Milwaukee Hackzall - Review
The most interesting tool in Milwaukee's newly expanded 12-volt line of tools is, without question, the Hackzall. The easiest way to describe it is to say it's a 'one-handed Sawzall,' but we think that's like calling a sports car a 'mini-tractor trailer.' Sure, they've got some a few functional similarities, but beyond that, they are two entirely different creatures. The Hackzall doesn't just do what the Sawzall does but less of it, but by virtue of its size and reduced power, it creates its own to-do list and excels at tasks that you wouldn't even think of using a Sawzall for.
The Hackzall is roughly the size of a screw gun, but with an angle in the body that causes the blade to stick out at an odd angle in relationship to the handle. The unique shape of the Hackzall creates a whole lot of ways to hold the tool, from the standard pistol-style, to our favorite, with the tool upside down, pinky on the trigger, jigsaw-style that we used while scribing an arc into 1/2" plywood. The chuck is just what you would expect and can accept any standard Sawzall blade even though the tool comes with two mini blades, especially made for the tool. Other features include a little LED that lights up the workpiece (which is great because the tool is perfect for working in cramped unlit locations), and a series of lights which indicate the remaining charge on the battery. This is a nice feature and something that we've been noticing is becoming standard on li-ion tools. Because the battery runs at full strength until it stops dead, it's a necessary feature to have.
So what is the Hackzall good for? The answer is, "a whole lot more than we initially thought." At first, we used it for things like small, rough plywood cuts (using it as a mini-Sawzall), but then, as we got used to the tool, we started using it for everything from dicing up rigid insulation to making precise scribes, things we would never dream of using a 15 amp Sawzall for. We also ended up cutting pipes (ones that we wouldn't have been able to get to with a larger tool) and trimming off excess spray foam. Functionally, the tool ended up landing somewhere between a Sawzall and a super-powered utility knife. Particularly with the rigid insulation, we were able to make very clean, very precise cuts that would have taken twice as long with a knife or with a handsaw.
The one thing that bothered us about the tool is its case. it's one of those over-molded plastic jobbies that leaves no room for anything other than the tool, the batteries, the charger and a few blades. What drives us crazy about this is that there is all sorts of wasted room here, storage space squandered. Why not trim back some of that plastic and give us a place to put more blades, maybe an extra battery, who knows what, but at least give us the option. There's only a limited amount of room in the Job Box, so we like to utilize as much of it as we can. Take the Makita 15 amp recip saw case for example. It's a metal box and that's it. There's room for the tool and the cord and the blades and there's plenty left over for whatever else you want. Want to throw in another tool? If it'll fit, go ahead, the space is available. Over-molded cases are a huge pet-peeve of ours and we have yet to find a single carpenter who likes them.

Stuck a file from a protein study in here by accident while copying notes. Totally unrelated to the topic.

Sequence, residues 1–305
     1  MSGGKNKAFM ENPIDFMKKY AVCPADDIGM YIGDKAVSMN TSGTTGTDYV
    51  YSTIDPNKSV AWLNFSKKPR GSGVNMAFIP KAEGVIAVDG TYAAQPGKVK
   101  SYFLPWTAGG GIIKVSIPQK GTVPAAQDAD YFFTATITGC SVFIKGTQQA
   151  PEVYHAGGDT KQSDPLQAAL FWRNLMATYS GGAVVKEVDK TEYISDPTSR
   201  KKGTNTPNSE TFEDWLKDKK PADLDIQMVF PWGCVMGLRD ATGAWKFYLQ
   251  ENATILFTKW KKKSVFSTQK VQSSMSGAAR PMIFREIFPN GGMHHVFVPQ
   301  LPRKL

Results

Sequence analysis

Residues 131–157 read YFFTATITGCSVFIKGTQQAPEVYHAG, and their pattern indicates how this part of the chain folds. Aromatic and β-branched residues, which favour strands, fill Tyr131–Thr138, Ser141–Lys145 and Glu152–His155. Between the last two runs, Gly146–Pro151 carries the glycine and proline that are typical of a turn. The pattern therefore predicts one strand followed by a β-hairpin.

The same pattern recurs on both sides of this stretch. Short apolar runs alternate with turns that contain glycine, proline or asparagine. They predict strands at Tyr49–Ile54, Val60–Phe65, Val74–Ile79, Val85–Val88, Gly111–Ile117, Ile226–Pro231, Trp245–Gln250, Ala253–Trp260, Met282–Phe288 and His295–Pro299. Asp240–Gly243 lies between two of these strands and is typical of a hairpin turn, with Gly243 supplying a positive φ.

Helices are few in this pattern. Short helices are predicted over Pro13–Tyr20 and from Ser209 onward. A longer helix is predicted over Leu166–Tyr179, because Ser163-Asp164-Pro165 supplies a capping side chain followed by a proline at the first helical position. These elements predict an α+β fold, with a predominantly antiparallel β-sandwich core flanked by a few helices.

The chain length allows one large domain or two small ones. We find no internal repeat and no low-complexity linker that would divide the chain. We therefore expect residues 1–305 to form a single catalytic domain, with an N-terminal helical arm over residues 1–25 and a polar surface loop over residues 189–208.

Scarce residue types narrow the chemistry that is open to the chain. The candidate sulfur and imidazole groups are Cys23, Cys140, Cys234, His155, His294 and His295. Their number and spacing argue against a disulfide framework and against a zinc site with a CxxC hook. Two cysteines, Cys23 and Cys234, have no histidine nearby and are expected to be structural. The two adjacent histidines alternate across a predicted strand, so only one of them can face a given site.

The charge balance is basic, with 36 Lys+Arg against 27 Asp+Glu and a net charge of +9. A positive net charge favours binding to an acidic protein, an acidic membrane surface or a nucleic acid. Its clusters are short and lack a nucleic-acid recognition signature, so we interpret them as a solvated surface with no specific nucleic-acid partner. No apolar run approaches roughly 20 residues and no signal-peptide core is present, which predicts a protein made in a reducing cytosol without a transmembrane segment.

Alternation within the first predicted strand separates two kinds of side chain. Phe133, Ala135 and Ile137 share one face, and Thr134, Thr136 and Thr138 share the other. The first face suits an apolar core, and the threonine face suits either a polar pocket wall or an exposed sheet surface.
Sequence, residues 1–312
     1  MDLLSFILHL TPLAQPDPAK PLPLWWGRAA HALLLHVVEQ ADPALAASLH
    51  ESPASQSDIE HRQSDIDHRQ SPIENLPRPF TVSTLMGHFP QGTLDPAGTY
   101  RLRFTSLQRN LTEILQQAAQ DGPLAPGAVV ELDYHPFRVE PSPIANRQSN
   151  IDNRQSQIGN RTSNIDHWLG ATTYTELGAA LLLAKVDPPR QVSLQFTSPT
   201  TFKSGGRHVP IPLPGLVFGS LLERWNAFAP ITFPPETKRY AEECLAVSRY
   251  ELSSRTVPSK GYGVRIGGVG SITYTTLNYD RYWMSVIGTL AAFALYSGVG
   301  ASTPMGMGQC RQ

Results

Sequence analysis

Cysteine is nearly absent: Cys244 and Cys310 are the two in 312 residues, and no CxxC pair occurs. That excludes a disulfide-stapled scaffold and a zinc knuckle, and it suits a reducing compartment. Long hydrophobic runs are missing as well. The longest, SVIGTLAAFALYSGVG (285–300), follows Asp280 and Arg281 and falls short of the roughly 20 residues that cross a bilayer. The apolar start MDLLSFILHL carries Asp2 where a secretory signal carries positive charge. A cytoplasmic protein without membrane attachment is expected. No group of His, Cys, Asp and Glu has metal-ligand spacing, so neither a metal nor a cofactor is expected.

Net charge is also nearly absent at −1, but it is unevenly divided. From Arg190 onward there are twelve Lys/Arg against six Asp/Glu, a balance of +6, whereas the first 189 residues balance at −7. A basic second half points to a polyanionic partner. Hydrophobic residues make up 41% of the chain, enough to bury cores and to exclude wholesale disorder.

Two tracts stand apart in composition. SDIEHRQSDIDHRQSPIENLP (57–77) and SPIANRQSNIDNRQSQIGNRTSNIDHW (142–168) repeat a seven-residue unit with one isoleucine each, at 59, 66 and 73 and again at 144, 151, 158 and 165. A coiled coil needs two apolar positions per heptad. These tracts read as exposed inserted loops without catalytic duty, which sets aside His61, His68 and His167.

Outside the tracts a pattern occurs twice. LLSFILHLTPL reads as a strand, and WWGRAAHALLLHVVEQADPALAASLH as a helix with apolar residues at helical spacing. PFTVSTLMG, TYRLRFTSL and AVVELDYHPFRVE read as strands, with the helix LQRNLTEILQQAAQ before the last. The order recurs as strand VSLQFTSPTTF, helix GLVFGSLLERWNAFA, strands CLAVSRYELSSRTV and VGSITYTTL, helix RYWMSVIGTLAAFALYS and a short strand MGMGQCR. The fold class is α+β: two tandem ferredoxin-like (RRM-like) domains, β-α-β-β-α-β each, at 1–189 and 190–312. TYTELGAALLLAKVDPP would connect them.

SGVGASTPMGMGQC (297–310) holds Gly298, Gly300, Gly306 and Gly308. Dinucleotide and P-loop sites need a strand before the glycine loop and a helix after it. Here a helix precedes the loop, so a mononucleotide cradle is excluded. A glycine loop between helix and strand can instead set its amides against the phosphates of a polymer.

But we're just being a fussy pain in the ass on that topic and it takes nothing away from the glory of the Hackzall. It's a fantastic tool and, like we said, the more we used it, the more we used it for. As the days went on, we kept discovering different things we could do with it. Whether it's for around the house or on the job site, this thing will get a workout.
The Hackzall comes with a case, two batteries, and a charger. It costs between $150 and $200. this may seem like a lot, but it's not when compared to other li-ion tools, which, by nature, are more expensive than older battery tools. After using the Hackzall for a while, we'd happily pay over $200 for it. It'll make it's value back in no time, there's no question about it.
The Hackzall isn't released yet, but the following suppliers are taking pre-orders. It will also be available as part of a combo kit with Milwaukee's 12-Volt Driver for around $250. Another kit that Amazon is carrying includes the Hackzall, the Driver, Milwaukee's new Pipe Cutter, and a work light. This one goes for about $350 and would be perfect for a plumber.
At Amazon.com, Tool King, and Ohio Power Tools
Combo kit with 12-Volt Driver at Amazon.com, Tool King, and Ohio Power Tools
Combo kit with 12-Volt Driver, Work Light, Pipe Cutter, and Hackzall at Amazon.com
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Posted by Doug Mahoney at September 29, 2008 5:20 AM